MONDAY, Sept. 18, 2023 (HealthDay News) -- Double reading of screening mammograms by one radiologist plus artificial intelligence (AI) is noninferior to standard-of-care double reading by two radiologists, according to a study published online Sept. 8 in The Lancet Digital Health.
Karin Dembrower, M.D., from Capio Sankt Göran Hospital in Stockholm, and colleagues examined how AI affects cancer detection and false-positive findings in a real-world setting involving women participating in population-based screening. The primary outcome was screen-detected cancer within three months of mammography. Noninferiority of double reading by one radiologist plus AI was compared to standard-of-care double reading by two radiologists in the primary analysis.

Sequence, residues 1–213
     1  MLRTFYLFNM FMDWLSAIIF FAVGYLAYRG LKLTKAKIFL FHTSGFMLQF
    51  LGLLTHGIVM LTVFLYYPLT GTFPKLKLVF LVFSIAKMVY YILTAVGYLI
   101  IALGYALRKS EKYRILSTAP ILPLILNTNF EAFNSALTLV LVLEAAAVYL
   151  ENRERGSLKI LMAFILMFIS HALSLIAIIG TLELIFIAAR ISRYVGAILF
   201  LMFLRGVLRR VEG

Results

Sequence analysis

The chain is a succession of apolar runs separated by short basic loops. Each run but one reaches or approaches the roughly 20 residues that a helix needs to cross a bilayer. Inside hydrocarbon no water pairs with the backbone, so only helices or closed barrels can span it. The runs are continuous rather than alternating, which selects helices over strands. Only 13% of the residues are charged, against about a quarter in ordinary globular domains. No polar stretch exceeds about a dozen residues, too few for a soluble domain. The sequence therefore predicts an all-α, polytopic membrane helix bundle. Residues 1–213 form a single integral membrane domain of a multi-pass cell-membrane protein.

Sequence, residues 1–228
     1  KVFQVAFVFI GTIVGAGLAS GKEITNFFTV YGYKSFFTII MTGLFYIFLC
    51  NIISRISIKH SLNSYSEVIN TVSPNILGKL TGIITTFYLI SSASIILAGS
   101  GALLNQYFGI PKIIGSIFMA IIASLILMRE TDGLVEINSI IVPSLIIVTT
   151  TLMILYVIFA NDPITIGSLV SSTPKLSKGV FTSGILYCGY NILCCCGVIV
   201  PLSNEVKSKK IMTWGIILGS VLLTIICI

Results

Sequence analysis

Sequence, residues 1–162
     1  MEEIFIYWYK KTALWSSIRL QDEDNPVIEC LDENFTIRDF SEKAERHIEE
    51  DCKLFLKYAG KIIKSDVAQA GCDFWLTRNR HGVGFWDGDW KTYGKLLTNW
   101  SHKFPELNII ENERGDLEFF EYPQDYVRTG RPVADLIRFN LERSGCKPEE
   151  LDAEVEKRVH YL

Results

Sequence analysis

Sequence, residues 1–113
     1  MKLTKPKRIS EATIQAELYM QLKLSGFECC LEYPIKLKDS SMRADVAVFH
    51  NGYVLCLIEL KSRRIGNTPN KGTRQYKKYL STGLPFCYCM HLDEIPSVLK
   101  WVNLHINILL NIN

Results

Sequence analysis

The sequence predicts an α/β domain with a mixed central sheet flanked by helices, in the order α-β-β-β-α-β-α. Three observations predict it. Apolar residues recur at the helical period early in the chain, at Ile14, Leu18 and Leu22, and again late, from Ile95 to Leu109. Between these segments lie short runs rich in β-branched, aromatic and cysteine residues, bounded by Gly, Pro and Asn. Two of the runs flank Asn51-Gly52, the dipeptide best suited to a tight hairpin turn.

A total of 55,581 women aged 40 to 74 years were included in the study from April 1, 2021, to June 9, 2022. The researchers found that based on an initial positive read, 269 women (0.5 percent) were diagnosed with screen-detected breast cancer. For cancer detection, double reading by one radiologist plus AI was noninferior to double reading by two radiologists (261 versus 250; 0.5 versus 0.4 percent detected cases). Compared with double reading by two radiologists, single reading by AI (246 versus 250; 0.4 versus 0.4 percent detected cases) and triple reading by two radiologists plus AI (269 versus 250; 0.5 versus 0.4 percent detected cases) were also noninferior.
"It's clear to us that for screening mammography, one AI-supported radiologist is a better alternative than two radiologists without AI," coauthor Fredrik Strand, M.D., from the Karolinska Institutet in Stockholm, said in a statement.
One author disclosed ties to the biopharmaceutical industry.